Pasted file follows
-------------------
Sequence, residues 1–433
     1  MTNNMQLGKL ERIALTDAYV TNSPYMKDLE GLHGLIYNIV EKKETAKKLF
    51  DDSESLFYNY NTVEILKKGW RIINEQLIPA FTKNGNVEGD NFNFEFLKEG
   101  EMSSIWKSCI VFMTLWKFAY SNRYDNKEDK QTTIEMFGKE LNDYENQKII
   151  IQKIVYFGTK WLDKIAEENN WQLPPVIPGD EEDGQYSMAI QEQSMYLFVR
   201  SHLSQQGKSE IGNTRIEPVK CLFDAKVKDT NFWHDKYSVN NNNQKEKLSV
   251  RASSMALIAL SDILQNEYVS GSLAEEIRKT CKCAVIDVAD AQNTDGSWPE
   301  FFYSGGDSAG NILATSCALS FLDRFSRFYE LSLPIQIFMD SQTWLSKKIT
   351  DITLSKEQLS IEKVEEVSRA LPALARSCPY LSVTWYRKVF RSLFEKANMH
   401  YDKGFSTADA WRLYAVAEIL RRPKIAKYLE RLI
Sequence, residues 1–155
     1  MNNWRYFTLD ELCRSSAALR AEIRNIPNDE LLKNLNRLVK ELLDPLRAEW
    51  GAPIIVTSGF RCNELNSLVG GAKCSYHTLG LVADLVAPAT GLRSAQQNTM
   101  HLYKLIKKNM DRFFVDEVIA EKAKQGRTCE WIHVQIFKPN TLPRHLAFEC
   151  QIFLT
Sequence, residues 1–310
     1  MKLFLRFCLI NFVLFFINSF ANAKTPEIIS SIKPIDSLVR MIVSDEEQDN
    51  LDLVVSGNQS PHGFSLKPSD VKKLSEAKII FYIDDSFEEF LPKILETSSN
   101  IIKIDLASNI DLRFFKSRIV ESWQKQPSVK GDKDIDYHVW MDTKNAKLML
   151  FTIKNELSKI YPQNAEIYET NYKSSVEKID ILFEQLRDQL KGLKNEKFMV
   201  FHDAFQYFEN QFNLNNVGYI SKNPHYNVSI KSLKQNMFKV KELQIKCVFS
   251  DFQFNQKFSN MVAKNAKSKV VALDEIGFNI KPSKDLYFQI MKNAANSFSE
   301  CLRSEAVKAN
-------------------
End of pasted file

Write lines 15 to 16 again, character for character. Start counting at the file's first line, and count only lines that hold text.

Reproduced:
   151  QIFLT
Sequence, residues 1–310